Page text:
Home » Mental illness: Is ‘Chemical Imbalance’ Theory a Myth? Answer: Yes

Mental illness: Is ‘Chemical Imbalance’ Theory a Myth? Answer: Yes

Doctor With Pills Mental illness: Is ‘Chemical Imbalance’ Theory a Myth? Answer: Yes

by Joseph Hall
(They have people brainwashed into believiing that there is something wrong with their mind, so they can dope them up with chemical poisons. They get addicted to these poisons and sometimes kill themselves. Wake up and smell the coffee people!-Ruth)

The chemical imbalance theory has fallen in status from bedrock scientific principle to mere marketing device in the minds of many researchers.
A broken heart and a blue, bedevilled brain.
They’ve been twinned, metaphorically, in poetry and song for millennia.
Over the past 50 years, however, science and medicine have been contemplating the organs and their maladies on a purely biological basis.
In particular, an evolving half-century of medical wisdom came to this conclusion:
Just as coronary diseases — or those of the liver, or kidneys for that matter — were plainly the result of physiological disruptions, so too were the mental illnesses of the brain.
Now, neuroscience would attribute such things as depression and psychosis to “chemical imbalances” — specifically to disruptions in the neurotransmitters that allow the brain’s billions upon billions of grey matter cells to speak to one another.
And so mental illnesses became normalized and destigmatized.
And so their treatments, to a huge extent, came off of the couch, out of the asylums and onto pharmacy counters.
And so a $70-billion drug market grew to feed tens of millions worldwide with daily doses of magic bullets — pills that could bring their brain chemistry back into balance.
Trouble is, in the minds of many neuroscientists today, that chemical imbalance theory has turned out to be a myth, with little more scientific or medicinal substance than poetry or song.
And the pills are now largely recognized by a multitude of experts, as well as some of the pharmaceutical companies that make them, as concoctions of magical thinking.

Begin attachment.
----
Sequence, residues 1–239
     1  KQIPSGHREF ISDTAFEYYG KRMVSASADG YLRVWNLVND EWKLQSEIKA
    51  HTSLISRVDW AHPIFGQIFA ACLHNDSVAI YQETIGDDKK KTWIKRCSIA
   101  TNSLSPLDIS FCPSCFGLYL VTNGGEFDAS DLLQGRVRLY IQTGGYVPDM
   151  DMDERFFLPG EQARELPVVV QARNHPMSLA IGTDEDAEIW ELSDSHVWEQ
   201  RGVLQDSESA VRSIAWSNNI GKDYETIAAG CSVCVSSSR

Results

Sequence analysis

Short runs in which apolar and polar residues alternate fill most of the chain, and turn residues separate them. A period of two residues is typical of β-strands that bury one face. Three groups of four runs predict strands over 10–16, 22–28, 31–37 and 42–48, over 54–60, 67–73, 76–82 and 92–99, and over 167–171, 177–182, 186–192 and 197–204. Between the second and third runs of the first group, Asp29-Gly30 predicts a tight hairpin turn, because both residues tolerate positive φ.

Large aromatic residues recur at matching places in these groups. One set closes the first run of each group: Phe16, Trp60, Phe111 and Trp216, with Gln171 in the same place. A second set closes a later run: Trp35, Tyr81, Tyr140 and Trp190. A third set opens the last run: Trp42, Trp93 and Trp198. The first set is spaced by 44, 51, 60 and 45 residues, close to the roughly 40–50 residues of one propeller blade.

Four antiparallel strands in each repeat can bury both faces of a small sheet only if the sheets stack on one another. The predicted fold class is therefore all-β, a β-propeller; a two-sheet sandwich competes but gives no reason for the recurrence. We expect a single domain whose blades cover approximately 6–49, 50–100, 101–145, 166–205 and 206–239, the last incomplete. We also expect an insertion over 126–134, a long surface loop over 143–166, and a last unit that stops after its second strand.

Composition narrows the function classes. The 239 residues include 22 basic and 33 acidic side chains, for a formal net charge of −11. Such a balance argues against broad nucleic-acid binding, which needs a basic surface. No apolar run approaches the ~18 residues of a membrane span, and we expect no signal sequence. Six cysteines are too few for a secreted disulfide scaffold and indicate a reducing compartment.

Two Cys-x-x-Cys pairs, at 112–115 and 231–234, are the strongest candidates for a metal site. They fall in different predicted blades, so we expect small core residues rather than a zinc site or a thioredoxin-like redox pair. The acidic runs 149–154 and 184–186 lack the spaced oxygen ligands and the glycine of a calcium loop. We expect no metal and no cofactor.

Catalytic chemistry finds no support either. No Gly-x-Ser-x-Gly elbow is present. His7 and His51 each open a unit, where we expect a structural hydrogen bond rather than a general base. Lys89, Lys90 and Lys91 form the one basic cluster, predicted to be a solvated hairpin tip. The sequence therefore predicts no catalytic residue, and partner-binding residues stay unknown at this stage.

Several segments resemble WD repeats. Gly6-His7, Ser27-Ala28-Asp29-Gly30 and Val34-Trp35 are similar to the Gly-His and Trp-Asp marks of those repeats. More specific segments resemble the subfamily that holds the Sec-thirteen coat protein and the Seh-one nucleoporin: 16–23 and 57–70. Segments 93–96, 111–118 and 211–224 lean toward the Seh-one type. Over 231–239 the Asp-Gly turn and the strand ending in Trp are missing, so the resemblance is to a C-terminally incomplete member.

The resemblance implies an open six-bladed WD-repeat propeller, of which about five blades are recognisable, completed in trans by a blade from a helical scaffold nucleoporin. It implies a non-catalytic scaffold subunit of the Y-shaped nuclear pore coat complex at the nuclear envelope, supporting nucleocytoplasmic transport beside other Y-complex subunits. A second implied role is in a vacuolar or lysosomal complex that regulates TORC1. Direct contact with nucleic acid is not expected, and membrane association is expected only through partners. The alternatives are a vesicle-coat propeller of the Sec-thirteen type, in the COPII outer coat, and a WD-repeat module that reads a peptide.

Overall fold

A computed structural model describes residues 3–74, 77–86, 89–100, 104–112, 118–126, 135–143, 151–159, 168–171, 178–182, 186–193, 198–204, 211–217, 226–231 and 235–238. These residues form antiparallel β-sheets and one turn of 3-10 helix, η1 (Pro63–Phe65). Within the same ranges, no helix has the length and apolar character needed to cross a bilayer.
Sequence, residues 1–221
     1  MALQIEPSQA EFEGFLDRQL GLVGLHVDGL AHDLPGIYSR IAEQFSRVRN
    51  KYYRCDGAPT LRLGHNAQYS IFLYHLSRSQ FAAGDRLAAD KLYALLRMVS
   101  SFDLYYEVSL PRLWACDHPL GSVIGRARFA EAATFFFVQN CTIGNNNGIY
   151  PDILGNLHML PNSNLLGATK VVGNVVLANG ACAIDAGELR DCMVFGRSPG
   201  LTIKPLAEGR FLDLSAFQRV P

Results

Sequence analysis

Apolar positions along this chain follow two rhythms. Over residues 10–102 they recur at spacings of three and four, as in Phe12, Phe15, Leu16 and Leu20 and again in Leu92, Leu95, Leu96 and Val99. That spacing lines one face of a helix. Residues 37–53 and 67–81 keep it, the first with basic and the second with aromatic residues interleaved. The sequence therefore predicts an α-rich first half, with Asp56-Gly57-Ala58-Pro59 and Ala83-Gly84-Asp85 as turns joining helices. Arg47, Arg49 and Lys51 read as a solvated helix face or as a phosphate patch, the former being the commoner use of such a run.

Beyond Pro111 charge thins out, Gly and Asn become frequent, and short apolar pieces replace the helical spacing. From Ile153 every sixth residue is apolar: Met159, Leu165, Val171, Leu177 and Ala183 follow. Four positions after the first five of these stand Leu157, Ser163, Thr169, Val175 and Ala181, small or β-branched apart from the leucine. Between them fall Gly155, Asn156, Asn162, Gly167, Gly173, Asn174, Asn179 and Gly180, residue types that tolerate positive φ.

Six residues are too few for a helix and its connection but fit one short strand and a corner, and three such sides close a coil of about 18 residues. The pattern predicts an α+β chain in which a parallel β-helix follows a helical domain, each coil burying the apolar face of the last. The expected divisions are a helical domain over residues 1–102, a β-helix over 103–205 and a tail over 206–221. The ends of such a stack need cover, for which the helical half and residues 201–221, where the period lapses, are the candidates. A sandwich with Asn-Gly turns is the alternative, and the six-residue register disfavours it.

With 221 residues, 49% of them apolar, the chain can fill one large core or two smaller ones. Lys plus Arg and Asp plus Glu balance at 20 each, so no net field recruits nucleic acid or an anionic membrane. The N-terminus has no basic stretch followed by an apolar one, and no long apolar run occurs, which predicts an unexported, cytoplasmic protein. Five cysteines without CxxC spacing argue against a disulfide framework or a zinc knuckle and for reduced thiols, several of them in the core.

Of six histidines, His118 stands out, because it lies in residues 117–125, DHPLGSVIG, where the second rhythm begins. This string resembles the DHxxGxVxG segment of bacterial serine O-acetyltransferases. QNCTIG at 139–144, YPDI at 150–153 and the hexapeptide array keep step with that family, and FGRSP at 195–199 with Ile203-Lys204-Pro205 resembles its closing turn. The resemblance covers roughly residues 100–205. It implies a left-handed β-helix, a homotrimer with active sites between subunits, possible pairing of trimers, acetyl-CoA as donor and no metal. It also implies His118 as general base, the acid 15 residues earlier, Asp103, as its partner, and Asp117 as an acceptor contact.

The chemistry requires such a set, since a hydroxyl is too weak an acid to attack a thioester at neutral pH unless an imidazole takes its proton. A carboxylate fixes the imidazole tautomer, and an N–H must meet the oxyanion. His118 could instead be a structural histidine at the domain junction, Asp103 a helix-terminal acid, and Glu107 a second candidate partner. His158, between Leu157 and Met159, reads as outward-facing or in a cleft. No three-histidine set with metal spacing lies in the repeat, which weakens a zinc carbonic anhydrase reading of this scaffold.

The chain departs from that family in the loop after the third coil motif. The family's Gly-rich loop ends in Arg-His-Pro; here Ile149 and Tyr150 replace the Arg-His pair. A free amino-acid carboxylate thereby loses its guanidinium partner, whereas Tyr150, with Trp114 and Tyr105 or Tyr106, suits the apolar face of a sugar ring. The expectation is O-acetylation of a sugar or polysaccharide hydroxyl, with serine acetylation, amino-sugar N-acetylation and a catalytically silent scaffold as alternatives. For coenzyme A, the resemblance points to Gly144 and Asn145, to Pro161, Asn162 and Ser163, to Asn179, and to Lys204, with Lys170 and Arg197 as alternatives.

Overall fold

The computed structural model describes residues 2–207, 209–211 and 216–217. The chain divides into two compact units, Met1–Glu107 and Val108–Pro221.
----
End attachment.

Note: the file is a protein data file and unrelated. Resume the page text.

“It’s certainly been blown up inside the profession. No insiders believe in these (neurotransmitter imbalance) theories anymore,” says Edward Shorter, a medical historian at the University of Toronto.
“That’s true of thousands and thousands of researchers. But somehow that news has not filtered through to the public as a whole,” says Shorter, who has written numerous books on psychiatric practices.
Some top neuroscientists argue that this is nonsense, that neurotransmitters are a critical and obvious aspect of psychiatric research and therapy.
A key proof of this, they say, is that drugs targeting these brain chemicals have worked wonders — miracles even — in controlling mental and neurological ailments such as schizophrenia and Parkinson’s disease.
But if this is so, asks psychotherapist and author Gary Greenberg, why have many drug manufacturers jettisoned the neurotransmitter theory?
Why are they now shuttering or shrinking their massive, psychiatric research labs, where they’d sought new compounds to follow in the blockbuster footsteps of antidepressants like ProzacPaxil and Zoloft?
“The brain is turning out to be a moving target,” says Greenberg, who wrote a controversial article on the subject for The New Yorker last month.
“And consequently drug companies, which are profit-motivated, are not seeing it (neurotransmitter imbalances) as a fruitful avenue,” he says.
Targeting imbalances
Neurotransmitters such as dopamine, serotonin and norepinephrine are the brain’s chemical ferrymen, allowing electrical impulses to cross from one synapse to another in the mesmerizing cascades of neuronal connections that render thought, emotions, movement initiation and a host of other brain activities.
Imbalances in these communicating chemicals, it was held, were the key cause of the major psychiatric disorders. And targeting these imbalances with drugs became the obvious strategy to treat mental illnesses.
In schizophrenia, for example, it was the dopamine system that was out of whack, while serotonin shortages triggered depression.
But Shorter says the past several years have seen the chemical imbalance theory fall in status from bedrock scientific principle to mere marketing device in the minds of many researchers.
“The view among neuroscientists is that this emphasis on neurotransmitters as the cause of mental illness is more of a (drug sales) concept than a scientific concept,” he says.
“It helps drug companies sell drugs.”
It does so, Shorter says, by giving physicians an organic medical justification — akin to high cholesterol in cardiovascular diseases or blood sugar levels in diabetes — to prescribe the drugs, while offering patients a comforting rational for taking them.
“But in fact nobody knows what the cause of these mental illnesses (are),” Shorter says. 
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